In May, a group called "Google, You Owe Us" filed suit against Google in the UK for collecting sensitive personal data using tracking cookies in the iPhone's Safari browser. They were seeking from £1 to £3 billion in damages for an estimated 4.4 million affected users. Today, a UK high court threw out the lawsuit, according to The Guardian.
The issue, and the reason Google was facing a lawsuit, is pretty well-known at this point. From August 2011 through February 2012, Google bypassed the iPhone's privacy settings and collected data on individual users through tracking cookies. Called the "Safari Workaround," it allows Google to collect private information such as gender, race, physical and mental health, shopping habits, social class, location and more. The company then separated people into categories and used this data in the aggregate to provide more targeted and relevant advertising.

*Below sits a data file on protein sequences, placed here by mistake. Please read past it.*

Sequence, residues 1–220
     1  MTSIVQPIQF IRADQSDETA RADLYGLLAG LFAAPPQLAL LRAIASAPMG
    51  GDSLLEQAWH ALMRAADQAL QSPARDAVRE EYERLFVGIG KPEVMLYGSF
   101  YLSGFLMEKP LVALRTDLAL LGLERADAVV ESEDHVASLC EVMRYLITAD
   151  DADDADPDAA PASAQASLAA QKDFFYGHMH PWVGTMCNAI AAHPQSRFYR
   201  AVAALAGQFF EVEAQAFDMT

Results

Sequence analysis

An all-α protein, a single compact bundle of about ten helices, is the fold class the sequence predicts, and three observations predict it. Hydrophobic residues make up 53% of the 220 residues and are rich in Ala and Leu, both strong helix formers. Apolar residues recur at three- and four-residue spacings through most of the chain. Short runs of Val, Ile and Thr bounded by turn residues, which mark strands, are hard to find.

Google is likely relieved to close the chapter on this saga, which is over six years old. The company has accused Richard Lloyd, the leader of the suing group, of trying to punish the company instead of actually seeking justice for UK iPhone users. The company has already paid a $22.5 million fine to the FTC in the US over the Safari workaround.
Mr Justice Warby, who heard the case and decided to block the legal action, took this action because there wasn't enough evidence of damage to the affected group, according to the BBC. Additionally, there is no way to figure out how many people were actually affected by the Safari Workaround.
Update, 10/8/18, 1:00 PM ET: This article was corrected to reflect the amount of damages the plaintiffs were seeking from Google.